Unsecured creditors of Midway Games have asked a federal bankruptcy court to take a look at whether Sumner Redstone and his National Amusements Inc. (NAI) acted improperly in selling a controlling stake in Midway to Mark Thomas at a huge loss, a transaction which forced Midway to file Chapter 11. NAI denies any wrongdoing.
According to Chicago Tribune reporter Wailin Wong, who has been covering the case, the complaint filed this week by the official committee of unsecured creditors describes Thomas as “an individual of relatively limited means and sophistication” and “a wholly unsuitable acquirer” of the majority stake in Midway.
It was the sale of that stake for less than $100,000 that triggered “change of control” provisions. Bondholders demanded immediate payment and Midway was forced to file for Chapter 11 bankruptcy protection.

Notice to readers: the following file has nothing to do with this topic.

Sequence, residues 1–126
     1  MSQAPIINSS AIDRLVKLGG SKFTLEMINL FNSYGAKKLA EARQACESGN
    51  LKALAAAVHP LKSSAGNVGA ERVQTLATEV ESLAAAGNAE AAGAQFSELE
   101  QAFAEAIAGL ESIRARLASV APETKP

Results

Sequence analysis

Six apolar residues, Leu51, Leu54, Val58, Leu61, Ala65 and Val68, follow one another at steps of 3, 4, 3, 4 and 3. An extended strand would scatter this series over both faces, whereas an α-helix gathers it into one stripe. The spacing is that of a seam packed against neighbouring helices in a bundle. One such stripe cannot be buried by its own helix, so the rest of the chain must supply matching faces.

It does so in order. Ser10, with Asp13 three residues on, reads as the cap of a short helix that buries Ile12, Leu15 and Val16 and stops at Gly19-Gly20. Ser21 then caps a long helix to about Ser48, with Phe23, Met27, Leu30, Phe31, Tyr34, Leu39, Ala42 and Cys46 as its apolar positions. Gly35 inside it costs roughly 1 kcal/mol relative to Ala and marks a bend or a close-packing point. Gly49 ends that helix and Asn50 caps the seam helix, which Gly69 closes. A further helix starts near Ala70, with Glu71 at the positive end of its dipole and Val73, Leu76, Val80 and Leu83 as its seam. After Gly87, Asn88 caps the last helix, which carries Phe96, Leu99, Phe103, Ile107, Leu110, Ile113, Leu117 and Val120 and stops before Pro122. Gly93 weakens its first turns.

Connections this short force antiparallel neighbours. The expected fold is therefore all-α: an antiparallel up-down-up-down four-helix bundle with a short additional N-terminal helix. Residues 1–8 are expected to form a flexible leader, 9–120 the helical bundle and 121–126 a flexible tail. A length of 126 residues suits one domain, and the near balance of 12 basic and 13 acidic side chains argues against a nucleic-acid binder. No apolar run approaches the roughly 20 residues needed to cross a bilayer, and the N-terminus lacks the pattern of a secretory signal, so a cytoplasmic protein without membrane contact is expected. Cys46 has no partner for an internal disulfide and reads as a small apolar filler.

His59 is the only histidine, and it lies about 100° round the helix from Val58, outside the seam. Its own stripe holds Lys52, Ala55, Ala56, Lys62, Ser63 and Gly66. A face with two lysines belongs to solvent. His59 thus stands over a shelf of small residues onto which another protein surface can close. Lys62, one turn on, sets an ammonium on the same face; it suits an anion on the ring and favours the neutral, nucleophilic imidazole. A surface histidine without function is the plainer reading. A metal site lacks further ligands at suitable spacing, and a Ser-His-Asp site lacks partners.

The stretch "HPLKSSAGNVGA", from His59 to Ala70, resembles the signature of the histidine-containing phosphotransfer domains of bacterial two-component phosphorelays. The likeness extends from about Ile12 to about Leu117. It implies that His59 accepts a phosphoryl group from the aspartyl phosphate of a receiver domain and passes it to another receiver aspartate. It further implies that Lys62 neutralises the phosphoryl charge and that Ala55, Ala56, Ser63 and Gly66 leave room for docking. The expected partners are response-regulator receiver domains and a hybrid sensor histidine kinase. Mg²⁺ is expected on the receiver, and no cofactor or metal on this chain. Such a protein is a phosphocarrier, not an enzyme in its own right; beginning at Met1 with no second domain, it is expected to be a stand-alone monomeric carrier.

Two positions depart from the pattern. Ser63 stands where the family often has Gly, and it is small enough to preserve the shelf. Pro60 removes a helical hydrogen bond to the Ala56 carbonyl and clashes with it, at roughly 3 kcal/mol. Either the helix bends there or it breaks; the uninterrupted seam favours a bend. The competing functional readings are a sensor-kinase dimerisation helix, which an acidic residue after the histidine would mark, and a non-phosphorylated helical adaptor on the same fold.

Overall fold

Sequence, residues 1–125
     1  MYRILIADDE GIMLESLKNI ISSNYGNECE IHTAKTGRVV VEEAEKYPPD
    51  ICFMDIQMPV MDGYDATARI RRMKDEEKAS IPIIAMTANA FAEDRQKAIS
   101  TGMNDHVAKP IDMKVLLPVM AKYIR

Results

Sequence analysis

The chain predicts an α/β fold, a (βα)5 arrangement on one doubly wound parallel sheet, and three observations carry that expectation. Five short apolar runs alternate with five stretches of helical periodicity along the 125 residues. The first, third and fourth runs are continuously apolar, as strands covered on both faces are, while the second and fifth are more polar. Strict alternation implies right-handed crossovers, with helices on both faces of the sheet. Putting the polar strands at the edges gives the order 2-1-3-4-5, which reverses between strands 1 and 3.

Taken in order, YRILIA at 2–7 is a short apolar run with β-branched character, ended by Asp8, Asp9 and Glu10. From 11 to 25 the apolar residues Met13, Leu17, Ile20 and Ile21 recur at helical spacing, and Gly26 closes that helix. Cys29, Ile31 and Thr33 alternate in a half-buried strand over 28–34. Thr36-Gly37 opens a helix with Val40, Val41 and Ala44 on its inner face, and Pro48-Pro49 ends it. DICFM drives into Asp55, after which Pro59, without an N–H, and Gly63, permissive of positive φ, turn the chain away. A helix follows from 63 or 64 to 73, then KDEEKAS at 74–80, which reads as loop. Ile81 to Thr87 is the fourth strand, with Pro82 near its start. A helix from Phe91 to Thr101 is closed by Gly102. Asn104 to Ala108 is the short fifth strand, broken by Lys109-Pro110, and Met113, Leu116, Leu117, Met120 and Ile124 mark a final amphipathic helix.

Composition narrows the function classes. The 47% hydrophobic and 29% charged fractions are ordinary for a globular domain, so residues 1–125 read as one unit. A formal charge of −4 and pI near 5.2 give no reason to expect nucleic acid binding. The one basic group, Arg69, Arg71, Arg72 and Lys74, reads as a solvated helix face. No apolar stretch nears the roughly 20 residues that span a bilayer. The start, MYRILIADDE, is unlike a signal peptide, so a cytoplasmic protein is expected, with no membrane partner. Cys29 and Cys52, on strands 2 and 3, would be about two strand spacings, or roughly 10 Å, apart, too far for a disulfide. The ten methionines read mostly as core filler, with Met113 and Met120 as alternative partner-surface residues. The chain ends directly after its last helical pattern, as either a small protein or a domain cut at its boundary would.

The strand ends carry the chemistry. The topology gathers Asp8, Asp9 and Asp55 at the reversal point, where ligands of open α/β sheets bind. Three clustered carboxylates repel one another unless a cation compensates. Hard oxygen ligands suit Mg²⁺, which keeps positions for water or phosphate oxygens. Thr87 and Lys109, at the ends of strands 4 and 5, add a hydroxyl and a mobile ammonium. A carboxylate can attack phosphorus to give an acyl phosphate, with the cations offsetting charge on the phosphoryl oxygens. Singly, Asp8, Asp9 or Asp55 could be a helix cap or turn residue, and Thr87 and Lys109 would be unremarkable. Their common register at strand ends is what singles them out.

The creditors charge that the sale to Thomas was “irresponsible behavior” by Redstone and NAI which denied Midway and its other creditors an opportunity to secure a true strategic partner to restructure the electronic games company’s business.
The bankruptcy judge had already given the creditors committee permission to sue Redstone, Thomas and others. NAI has called the lawsuit “completely without merit.”